Linux doesn’t get as much attention as Apple macOS, Microsoft Windows, or even Chromecast. However, Linux users love their operating system of choice and Christians can run a group of Linux Bible apps that will help you study God’s word. Take a look at these 5 Best Linux Bible apps that you can use today to study the Bible digitally on the lesser-known operating system of choice.
Before we go any further, I have to admit that I’m an inexperienced Linux user. So, you will need to get help with these from other sources. To install them or get them running if you face a glitch, you’ll need to find help from Linux power users. I’m not your guy. I’m recommending these Linux Bible apps based on trusted sources and not personal experience.
The Sword Project offers the books and lets you search the text, including commentaries, Lexicons, and dictionaries in addition to Bible texts.
Crosswire curates a list of Sword Project Linux Bible Apps and apps for other operating systems, like Windows or Mac.
Xiphos Bible Study Tool for Linux
Learn more about Xiphos at their website. The program, formerly called GnomeSword, has a substantial online user manual and a community of users who will also help you get the program running.
Xiphos runs on Gnome desktop. It’s based on the Sword Project, which gives users access to a large library of tools for Bible study.
You’ll enjoy a tabbed display, quick searching features, an audio reading out loud feature, a parallel mode for comparing translations, and plenty of user-created tools.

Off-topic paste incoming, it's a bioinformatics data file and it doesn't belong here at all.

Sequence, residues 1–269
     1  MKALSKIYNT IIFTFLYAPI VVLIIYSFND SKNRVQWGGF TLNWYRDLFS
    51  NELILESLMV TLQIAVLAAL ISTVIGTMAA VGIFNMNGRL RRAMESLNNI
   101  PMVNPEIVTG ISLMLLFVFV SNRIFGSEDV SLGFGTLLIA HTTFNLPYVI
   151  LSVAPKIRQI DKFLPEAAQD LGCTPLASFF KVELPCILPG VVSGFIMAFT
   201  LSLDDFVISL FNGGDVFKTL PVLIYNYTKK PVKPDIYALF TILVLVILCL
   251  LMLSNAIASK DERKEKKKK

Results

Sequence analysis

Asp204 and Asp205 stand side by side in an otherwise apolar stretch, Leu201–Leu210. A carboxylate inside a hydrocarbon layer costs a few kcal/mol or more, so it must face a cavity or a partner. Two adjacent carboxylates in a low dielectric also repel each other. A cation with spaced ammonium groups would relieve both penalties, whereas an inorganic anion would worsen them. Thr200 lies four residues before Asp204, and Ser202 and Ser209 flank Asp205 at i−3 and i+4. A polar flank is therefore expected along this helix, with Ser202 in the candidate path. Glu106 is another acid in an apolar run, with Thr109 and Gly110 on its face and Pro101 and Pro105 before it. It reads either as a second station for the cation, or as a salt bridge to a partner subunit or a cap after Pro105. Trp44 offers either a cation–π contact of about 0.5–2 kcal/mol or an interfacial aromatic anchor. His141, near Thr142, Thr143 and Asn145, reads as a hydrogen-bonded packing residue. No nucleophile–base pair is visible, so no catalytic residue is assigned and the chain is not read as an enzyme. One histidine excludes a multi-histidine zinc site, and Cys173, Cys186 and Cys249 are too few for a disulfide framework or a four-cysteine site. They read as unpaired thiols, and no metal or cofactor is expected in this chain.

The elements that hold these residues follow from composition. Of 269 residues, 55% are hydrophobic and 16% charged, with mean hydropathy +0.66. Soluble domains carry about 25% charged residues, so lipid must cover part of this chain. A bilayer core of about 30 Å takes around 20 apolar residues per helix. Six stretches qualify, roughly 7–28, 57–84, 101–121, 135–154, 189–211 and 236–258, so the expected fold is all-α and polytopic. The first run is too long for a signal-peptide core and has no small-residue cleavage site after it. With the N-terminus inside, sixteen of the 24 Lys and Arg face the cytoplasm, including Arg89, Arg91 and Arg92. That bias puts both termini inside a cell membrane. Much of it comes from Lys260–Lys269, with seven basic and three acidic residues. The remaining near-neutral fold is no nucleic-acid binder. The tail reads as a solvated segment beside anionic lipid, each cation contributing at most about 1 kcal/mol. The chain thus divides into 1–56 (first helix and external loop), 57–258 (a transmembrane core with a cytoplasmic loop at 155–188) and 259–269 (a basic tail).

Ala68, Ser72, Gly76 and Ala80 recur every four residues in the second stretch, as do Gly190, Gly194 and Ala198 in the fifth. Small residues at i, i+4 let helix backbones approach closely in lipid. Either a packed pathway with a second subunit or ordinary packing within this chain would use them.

Above you’ll see a demo on installing Xiphos Linux Bible app on Gnome.
BibleTime Runs on Linux, Windows, and macOS
Next, we have one of the few Linux Bible apps that will run on Linux and the more popular Windows and macOS operating systems. Find it on Github.
With BibleTime, users will have to install the app, and then they will need to add books because the basic installer doesn’t come with any. The Settings menu shows the Bookshelf Manager where you can add books.
Like Xiphos, BibleTime uses Sword Project books. That gives you access to a large library of books to use in your study.
The Bible Desktop Linux Bible app also runs on The Sword Project engine and gives us a simple user interface to study the Bible.
There’s a Bible comparison tool in Bible Desktop that shows you the differences between translations. Pick the base translation like the ESV chosen in the screenshot above. Then choose another translation and it will show the two translations in the first and third column with differences in the center second column.
Users can choose between a window mode or a tabbed mode.
Run Bible Desktop on your Mac, Windows PC, and of course it’s also one of our favorite Linux Bible apps.
Logos Bible Software on Linux Through WINE
WINE lets users install Windows software on Linux. Getting these up and running can present a challenge, especially to novice users. However, if you can use Linux, you can likely get WINE working to run Bible software on Linux.
Dr. Kevin Purcell is pastor of High Peak Baptist Church, an author and writer at Church Tech Today (www.churchtechtoday.com). He used to write for a number of other Christian and secular technology and mobile tech sites. Now he's one of the hosts of the Theotek Podcast, which you can find by checking the menu above or over at www.facebook.com/theotekpodcast.